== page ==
Cocorosie Live Review at Regency Ballroom

07/13/2010

Written by Angela Bacca
Photos by Eric Lawson

The CocoRosie show at the Regency Ballroom was opened by Cibelle, a native Brazilian who writes and performs her songs in French, English and Portuguese. Her performance relied entirely too heavily on sexy gimmicks—which would be fine if it didn’t remind me of the type of sex that makes you cringe when you think about it the next morning. Midway through her set she removed her pink bathrobe, revealed a skin tight body suit and fondled her electric guitar in front of her crotch. Every song gradually built up but never climaxed. When the set was over, she scurried around the stage picking up her garments before awkwardly running backstage.


And then CocoRosie took the stage, which was decorated with shiny plastic party balloons. The drum set was covered with a Lisa Frank-esque air brushed dolphin portrait. An enthused fan remarked to me before the show that all of their live performances were “magical,” and she was right.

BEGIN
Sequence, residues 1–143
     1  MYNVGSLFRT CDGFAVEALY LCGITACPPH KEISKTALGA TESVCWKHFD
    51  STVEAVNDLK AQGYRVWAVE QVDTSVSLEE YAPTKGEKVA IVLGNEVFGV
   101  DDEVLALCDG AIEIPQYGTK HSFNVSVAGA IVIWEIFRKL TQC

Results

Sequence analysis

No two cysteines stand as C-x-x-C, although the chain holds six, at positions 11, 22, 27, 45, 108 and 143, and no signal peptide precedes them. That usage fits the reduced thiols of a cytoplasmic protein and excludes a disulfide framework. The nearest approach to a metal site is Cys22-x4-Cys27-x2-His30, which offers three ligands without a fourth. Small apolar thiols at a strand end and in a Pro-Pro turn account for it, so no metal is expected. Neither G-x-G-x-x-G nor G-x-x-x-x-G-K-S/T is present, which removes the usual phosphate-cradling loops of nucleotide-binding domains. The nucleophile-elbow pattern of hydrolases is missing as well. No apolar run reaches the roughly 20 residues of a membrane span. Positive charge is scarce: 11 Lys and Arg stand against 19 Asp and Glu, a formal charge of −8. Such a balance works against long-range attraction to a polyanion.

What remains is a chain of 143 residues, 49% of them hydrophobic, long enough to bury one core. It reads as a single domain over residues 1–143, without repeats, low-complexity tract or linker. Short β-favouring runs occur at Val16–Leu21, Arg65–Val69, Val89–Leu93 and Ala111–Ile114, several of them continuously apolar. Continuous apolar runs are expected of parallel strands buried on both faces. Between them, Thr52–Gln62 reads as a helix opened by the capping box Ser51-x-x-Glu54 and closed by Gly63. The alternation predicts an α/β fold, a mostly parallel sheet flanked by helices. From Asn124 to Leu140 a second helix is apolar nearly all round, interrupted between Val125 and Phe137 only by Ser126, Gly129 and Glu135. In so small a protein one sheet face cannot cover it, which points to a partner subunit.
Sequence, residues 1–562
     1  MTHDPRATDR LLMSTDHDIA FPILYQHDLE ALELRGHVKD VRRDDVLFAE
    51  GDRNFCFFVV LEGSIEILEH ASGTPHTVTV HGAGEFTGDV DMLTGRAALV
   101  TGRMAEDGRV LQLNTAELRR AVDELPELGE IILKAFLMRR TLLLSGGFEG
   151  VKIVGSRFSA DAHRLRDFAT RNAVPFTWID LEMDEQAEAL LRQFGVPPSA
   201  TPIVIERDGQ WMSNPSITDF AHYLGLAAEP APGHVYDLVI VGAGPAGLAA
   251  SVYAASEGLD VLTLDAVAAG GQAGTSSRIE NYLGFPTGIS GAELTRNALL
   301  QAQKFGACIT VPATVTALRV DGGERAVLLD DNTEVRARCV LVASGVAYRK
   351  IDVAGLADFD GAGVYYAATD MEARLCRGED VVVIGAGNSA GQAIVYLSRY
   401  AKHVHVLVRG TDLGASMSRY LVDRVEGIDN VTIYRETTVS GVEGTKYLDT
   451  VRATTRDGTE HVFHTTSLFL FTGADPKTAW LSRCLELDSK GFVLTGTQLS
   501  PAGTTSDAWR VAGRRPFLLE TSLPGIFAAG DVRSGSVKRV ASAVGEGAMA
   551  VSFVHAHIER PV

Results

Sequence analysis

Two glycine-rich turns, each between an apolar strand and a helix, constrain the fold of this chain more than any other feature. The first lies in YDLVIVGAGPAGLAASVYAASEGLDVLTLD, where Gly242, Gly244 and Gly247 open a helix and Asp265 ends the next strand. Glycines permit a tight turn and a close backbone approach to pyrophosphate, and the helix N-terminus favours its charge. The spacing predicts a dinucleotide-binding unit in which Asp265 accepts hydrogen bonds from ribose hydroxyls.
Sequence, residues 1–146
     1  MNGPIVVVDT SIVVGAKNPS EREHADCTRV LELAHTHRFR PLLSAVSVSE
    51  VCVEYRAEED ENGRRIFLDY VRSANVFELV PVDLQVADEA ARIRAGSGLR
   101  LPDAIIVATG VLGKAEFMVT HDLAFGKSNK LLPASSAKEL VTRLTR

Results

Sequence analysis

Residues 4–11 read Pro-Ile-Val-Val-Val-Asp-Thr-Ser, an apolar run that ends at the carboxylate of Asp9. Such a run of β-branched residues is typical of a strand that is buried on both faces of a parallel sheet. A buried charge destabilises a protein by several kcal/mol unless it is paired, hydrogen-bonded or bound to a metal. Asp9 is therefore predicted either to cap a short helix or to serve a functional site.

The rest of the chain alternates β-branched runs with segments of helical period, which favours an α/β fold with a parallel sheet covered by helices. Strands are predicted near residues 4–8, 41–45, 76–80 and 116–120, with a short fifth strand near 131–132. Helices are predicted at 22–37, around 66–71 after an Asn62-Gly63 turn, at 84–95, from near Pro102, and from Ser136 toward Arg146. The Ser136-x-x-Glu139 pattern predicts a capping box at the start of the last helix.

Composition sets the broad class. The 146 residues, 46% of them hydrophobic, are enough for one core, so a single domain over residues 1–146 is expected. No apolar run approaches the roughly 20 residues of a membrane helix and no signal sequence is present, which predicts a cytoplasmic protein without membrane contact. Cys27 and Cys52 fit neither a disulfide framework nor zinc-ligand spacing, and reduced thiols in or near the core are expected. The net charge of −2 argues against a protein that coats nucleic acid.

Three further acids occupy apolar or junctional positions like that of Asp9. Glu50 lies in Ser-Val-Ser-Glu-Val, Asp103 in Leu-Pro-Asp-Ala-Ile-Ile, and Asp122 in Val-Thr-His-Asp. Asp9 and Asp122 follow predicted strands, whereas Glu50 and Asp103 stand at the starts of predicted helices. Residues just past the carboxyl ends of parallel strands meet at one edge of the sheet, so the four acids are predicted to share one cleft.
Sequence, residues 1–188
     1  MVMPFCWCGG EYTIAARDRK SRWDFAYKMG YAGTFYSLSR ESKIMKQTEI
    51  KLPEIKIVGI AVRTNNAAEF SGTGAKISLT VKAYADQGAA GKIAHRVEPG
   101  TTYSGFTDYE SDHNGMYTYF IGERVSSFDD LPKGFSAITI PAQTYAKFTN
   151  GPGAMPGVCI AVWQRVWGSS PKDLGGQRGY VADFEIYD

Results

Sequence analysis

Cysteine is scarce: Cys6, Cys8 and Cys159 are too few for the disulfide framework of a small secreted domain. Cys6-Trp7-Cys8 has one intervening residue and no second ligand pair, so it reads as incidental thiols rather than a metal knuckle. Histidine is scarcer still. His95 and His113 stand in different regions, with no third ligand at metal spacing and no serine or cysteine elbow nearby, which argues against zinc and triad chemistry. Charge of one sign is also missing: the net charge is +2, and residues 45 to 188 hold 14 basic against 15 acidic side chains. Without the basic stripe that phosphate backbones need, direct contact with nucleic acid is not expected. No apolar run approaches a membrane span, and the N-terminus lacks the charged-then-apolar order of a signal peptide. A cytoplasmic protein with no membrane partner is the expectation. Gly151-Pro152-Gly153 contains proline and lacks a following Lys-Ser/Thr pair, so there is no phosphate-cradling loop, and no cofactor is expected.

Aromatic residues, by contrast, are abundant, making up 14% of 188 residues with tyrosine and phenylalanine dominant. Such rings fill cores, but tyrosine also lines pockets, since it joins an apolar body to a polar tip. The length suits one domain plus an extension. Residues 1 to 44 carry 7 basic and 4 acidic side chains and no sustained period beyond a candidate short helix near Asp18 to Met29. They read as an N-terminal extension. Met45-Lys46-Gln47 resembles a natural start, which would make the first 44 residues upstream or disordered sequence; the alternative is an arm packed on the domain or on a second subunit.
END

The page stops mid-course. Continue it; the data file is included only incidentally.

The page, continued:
CocoRosie, aka sisters Bianca and Sierra, came out swinging like 19th century literature; they were dressed like Great Expectations Ms. Havisham (the man-hating woman who wore a wedding dress for 30 years after being left at the aisle) and the Scarlet Letter’s Hester (the Puritan woman who was forced to wear the mark of an adulterer when she became pregnant out of wedlock). The entire show took on an air of a haunted child’s picnic frozen in time.



Their stage presence would have been lost in their own absurdity had the juxtaposition of the music with their persona not been so incredible. They frolicked around the stage in their flowing petticoats, but never missed a note. The soul of every song was never lost in their live translation.


Synthetic album beats and sounds were recreated with a grand piano, guitars, a harp, a harpsichord, and a human beat box. Yes, a human beat box—which was the backbone of every song. The sounds were combined with projector imagery of carnival rides, children’s toys, and waves crashing on an isolated beach. Their pure, enthusiastic energy was contagious to the San Francisco audience. Their show was so cathartic and true to the sounds that there really was no reason to pepper the live show with commentary and song explanations. They conveyed to the audience what they wanted to feel through their live performance.

Now if only their albums were as hypnotic and lesbi-erotic as their live shows…